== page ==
Most not for profit organisations have recognised that it is not business as usual and there are new challenges that require specific attention. It is widely acknowledged that the recession is impacting on charities in a number of ways – and will continue to do so.
Back in March 2009 the Charity Commission released their latest Economic Survey of Charities 1 which illustrates the deepening impact of the recession on charities.The report’s key findings were:
The task of setting priorities remains as difficult as ever; in other words matching the demands to satisfy short-term needs against pressure for the resources required to achieve long-term solutions.The operating environment is becoming even more demanding and plans for future strategic development will have to take into account a number of new factors. It is a world in which priorities need to be constantly reassessed and organisations needs to be nimble and flexible. Knowledge has to be not only accurate and relevant but attuned to analysis from different perspectives.
In my discussions with the organisations I work with it is apparent that there is a need to revisit and rethink many of the accepted assumptions in:
A Mckinsey Quarterly Survey conducted in April 2009 shows that across all sectors. 47% of respondents thought their current strategic planning process was somewhat different from the prior year and 34% thought it was extremely different. More rigorous approval processes for new projects and expenditure and a focus on a shorter time frames are the key areas of change.As a result, strategies become more dynamic, focused on the short term, and contain more analysis.The organisation has to be ready to react to outcomes that are different to earlier predictions and events that require strategic adjustment. This means regular monitoring and measurement of progress against the strategy – many organisations are now doing this monthly. This is more than preparing management accounts and variances from budgets.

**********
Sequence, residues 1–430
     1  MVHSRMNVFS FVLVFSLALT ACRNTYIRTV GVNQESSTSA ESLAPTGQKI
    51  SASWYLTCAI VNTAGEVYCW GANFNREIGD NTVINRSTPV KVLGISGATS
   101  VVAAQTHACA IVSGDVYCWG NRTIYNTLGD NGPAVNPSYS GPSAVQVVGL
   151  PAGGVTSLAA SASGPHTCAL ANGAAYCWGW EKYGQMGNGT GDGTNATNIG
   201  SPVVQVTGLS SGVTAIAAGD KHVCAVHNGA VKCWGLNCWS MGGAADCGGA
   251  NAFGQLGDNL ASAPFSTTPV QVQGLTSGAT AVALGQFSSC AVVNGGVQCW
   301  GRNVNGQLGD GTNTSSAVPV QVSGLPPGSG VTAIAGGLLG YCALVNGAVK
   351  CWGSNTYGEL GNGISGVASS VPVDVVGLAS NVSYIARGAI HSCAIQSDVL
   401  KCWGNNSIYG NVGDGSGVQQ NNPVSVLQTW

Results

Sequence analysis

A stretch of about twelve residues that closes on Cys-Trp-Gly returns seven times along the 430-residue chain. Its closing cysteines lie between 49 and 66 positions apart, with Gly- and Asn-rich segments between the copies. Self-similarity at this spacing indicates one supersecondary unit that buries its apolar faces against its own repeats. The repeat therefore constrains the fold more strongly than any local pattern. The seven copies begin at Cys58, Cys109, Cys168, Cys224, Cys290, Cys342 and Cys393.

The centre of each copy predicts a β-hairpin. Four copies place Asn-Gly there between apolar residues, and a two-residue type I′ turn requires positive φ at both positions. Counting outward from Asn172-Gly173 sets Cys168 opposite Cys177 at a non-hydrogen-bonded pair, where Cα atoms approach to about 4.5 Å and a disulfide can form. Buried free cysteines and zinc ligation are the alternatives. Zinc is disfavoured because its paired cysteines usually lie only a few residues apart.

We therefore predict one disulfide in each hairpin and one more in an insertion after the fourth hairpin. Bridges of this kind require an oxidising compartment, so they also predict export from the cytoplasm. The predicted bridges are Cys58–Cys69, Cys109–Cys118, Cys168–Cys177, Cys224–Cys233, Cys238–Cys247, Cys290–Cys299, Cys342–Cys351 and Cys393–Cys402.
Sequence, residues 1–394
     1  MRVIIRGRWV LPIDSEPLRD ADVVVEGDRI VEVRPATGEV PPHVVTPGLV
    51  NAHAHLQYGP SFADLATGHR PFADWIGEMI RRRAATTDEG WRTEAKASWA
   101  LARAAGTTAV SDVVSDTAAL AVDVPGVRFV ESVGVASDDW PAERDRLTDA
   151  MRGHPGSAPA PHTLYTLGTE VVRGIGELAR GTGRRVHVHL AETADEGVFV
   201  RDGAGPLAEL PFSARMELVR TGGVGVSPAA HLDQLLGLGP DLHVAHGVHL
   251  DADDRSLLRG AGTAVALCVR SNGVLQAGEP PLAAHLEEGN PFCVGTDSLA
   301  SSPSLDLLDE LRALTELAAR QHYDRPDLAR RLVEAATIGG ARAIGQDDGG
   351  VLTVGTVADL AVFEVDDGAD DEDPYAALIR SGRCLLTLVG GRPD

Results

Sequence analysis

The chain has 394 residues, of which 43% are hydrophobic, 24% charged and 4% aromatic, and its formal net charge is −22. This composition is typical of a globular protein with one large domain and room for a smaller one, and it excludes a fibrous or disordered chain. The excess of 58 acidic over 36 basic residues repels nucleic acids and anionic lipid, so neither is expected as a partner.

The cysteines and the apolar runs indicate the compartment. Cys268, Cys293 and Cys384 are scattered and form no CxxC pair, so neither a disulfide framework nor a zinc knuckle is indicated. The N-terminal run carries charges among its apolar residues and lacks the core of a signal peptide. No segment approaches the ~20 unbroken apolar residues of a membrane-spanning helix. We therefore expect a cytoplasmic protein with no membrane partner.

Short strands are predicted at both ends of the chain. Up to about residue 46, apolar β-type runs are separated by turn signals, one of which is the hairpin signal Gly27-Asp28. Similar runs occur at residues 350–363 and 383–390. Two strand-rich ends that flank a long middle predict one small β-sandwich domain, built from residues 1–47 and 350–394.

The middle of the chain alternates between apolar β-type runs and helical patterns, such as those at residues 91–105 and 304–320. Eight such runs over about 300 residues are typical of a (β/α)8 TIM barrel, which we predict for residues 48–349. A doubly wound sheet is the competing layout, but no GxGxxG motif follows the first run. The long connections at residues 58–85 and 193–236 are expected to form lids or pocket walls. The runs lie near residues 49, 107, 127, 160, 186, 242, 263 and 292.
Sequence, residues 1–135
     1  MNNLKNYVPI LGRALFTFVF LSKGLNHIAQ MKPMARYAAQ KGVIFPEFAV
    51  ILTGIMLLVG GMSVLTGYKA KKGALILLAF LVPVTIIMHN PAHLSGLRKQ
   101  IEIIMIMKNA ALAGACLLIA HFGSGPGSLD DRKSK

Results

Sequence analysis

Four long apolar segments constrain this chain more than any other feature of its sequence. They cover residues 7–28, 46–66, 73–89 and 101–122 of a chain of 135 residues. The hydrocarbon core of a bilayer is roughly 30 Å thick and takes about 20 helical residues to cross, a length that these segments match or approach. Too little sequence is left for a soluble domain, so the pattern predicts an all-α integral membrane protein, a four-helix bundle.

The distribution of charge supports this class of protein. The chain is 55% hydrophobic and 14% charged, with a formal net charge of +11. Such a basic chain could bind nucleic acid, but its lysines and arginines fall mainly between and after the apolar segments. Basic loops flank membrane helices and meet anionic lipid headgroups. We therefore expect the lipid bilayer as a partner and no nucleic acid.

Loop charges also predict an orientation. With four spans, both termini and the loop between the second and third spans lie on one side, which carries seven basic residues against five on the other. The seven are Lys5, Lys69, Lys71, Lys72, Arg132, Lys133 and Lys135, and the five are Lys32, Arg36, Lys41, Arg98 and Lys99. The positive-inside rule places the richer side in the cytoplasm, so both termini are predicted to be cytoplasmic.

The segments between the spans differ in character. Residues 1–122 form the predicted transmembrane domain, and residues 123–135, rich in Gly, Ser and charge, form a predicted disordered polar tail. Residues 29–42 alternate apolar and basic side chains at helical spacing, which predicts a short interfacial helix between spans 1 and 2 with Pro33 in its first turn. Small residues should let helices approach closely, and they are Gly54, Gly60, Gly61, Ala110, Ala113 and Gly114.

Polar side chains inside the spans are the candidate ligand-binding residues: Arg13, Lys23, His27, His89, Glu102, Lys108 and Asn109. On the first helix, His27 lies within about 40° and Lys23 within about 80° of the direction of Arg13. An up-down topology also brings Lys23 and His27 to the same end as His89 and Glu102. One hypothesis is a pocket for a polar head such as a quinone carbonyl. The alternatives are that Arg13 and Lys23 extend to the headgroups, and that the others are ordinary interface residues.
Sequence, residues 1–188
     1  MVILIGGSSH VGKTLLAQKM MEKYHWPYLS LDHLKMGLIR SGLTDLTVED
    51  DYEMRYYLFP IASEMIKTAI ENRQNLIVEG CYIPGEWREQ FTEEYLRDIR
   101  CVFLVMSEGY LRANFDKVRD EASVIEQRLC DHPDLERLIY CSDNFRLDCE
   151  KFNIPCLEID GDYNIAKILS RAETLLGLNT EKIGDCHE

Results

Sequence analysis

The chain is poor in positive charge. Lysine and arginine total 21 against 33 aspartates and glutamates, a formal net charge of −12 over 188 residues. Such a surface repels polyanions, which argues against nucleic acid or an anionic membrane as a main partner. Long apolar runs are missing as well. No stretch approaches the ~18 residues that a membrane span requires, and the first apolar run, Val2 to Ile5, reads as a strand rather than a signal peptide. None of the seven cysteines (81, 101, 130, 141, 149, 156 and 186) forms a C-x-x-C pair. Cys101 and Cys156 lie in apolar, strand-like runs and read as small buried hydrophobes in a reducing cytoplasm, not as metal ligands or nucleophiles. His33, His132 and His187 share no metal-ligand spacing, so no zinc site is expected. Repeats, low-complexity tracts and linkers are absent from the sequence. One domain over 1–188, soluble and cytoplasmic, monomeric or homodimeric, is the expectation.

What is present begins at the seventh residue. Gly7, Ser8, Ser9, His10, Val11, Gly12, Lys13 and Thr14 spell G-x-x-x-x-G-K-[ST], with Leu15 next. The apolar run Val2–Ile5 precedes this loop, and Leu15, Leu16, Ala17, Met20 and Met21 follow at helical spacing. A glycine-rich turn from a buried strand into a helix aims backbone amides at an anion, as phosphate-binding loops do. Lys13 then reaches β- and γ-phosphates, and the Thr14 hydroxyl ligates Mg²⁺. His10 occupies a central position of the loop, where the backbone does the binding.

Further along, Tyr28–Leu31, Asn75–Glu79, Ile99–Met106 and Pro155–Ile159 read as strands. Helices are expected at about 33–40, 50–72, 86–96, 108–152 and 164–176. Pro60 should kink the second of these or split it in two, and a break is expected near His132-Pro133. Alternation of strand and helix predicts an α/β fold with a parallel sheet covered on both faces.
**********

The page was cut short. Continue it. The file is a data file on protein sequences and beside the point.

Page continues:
The strategy must be able to deal with uncertainty and at a time when predicting the probable is difficult to say the least, strategies and tactics have to be developed on the premise that several different outcomes are possible.
Respondents to the Mckinsey survey reported scenario planning as the element that has been most valuable in helping them cope with this year’s uncertain environment and non profits have been using this tool, factoring in a range of possible outcomes. The exercise means that finance directors have to put values and analysis on different scenarios and this does require some out-of-box thinking.
This can lead to confusion. Common problems are that scenarios are wrongly treated as forecasts and the range of scenarios is too simplistic – for example optimistic and pessimistic.The aim of a successful scenario planning process is not an accurate prediction of the future but to deliver a means by which an organisation can learn, adapt and take effective and timely action by preparing it for what might happen in the future.
Another reason why scenario planning is not very effective is the lack of out of box thinking. Good scenario planning requires many perspectives and this involves engaging with a diverse team across functions in the organisations and also perhaps to include external perspectives to identify threats and opportunities that may have been overlooked. However, the focus on new scenarios and the immediate issues should not mask important long-term trends or undervalue relevant existing strategies.